Protandrous black porgy fish, Acanthopagrus schlegeli, have a striking life cycle, with male sex differentiation at the juvenile stage, a bisexual gonad during first 2 yr of life, and a male-to-female sex change (with vitellogenic oocytes) at 3 yr of age. The present study investigated the role of aromatase (cyp19a1a/Cyp19a1a) in gonadal development in this species, especially in relation to sexual differentiation and sex change. Fish of various ages were treated with estradiol (E2) or aromatase inhibitor (AI) to determine whether manipulation of the hormonal environment has an impact on these processes. We report an integrative immunohistochemical, cellular, and molecular data set describing these interesting phenomena. During male sex differentiation, high levels of cyp19a1a/Cyp19a1a expression were observed in the undifferentiated gonad (4 mo of age), in marked contrast to the low cyp19a1a/Cyp19a1a levels detected in the differentiated testis at the age of 5–6 mo. A low dose of E2 (0.25 mg/kg feed) stimulated testicular growth and function in sexually differentiated fish, whereas a high dose of E2 (6 mg/kg feed) induced female development. Furthermore, administration of AI suppressed male development and promoted female sexual differentiation. An increased number of figla transcripts (an oocyte-specific gene) were observed prior to cyp19a1a expression, concomitant with the development of oogonia and early primary oocytes in the ovaries of both E2- and AI-treated groups. Immunohistochemical Pcna staining showed that the regression of testicular tissue occurred prior to the development of ovarian tissue in both E2- and AI-induced females. The importance of cyp19a1a in female development was further demonstrated by the increase in cyp19a1a transcripts during the naturally occurring sex change. Transcripts of foxl2 increased in the gonads of 2- to 3-yr-old black porgy during the early stages of the natural sex change, followed by a gradual elevation of cyp19a1a levels. The levels of both genes peaked in the resulting ovarian tissue. Thus, cyp19a1a/Cyp19a1a plays dual roles in the gonadal development, namely, in testicular development during the initial period of sexual differentiation and later in ovarian development during the natural sex change.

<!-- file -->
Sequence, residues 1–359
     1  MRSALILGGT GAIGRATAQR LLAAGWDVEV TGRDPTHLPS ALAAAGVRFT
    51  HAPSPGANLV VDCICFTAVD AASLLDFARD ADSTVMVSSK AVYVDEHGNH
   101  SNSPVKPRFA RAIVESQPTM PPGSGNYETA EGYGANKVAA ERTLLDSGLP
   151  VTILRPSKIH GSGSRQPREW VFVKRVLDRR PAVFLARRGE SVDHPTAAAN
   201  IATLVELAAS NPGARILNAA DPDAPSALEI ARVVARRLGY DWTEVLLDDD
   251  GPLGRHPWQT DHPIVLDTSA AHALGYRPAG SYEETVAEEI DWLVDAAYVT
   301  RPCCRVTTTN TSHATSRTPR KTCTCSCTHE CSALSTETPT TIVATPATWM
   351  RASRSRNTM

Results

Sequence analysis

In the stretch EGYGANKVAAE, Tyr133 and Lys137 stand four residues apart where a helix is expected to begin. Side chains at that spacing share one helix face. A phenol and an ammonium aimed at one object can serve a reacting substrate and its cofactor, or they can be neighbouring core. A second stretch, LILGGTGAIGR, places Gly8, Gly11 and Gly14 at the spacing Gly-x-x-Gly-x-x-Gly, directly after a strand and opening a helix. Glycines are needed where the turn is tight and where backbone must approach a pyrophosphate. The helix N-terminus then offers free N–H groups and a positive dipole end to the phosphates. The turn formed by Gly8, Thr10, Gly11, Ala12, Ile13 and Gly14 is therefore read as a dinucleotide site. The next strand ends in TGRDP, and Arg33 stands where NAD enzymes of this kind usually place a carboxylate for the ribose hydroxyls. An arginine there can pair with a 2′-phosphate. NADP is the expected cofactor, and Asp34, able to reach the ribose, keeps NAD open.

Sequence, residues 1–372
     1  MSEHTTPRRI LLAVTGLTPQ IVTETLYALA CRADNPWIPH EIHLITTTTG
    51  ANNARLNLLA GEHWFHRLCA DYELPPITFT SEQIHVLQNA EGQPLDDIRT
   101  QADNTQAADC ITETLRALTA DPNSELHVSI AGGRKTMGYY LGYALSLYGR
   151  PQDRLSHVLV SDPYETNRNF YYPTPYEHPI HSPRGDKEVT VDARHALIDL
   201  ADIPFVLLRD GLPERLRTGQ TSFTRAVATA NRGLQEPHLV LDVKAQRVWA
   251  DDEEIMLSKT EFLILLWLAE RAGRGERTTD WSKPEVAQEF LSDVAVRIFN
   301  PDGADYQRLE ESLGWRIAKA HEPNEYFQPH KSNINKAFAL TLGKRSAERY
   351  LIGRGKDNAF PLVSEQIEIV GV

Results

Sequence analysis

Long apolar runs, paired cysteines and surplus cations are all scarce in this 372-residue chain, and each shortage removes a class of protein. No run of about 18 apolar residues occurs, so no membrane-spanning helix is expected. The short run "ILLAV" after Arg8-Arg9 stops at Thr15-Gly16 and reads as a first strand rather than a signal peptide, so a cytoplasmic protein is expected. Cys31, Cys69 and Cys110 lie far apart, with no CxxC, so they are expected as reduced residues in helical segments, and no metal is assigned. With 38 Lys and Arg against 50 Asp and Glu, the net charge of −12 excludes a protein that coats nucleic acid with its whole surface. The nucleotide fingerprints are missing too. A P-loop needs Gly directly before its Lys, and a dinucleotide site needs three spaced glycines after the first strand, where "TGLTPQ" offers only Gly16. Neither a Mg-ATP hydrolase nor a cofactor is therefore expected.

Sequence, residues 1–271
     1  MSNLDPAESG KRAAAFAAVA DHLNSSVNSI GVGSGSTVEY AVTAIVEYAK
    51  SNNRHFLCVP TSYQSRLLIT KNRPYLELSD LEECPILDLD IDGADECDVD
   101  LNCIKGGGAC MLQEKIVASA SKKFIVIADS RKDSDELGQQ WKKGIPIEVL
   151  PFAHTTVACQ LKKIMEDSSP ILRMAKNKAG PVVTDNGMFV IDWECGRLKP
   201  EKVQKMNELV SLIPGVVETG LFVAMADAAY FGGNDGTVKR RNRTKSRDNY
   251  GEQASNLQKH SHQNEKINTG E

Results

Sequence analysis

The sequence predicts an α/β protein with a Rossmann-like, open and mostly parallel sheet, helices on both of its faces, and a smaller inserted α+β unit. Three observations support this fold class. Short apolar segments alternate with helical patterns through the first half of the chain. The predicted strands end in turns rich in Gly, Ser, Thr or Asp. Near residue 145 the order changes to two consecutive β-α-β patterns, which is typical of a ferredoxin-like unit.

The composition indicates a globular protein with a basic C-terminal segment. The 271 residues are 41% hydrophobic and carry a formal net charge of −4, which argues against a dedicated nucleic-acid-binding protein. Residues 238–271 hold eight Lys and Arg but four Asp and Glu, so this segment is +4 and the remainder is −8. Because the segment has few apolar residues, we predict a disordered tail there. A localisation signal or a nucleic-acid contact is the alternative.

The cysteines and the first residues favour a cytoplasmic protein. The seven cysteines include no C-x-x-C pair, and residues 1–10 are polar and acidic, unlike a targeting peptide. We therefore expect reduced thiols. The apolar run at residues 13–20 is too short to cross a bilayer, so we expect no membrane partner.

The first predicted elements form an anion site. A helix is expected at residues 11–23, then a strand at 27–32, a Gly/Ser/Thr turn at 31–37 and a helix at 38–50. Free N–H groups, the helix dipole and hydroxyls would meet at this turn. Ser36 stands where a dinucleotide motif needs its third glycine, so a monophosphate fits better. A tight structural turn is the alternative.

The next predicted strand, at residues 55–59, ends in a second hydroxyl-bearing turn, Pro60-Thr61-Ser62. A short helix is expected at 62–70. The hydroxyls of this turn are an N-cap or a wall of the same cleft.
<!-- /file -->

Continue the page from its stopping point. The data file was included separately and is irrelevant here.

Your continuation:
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Vol. 79 • No. 6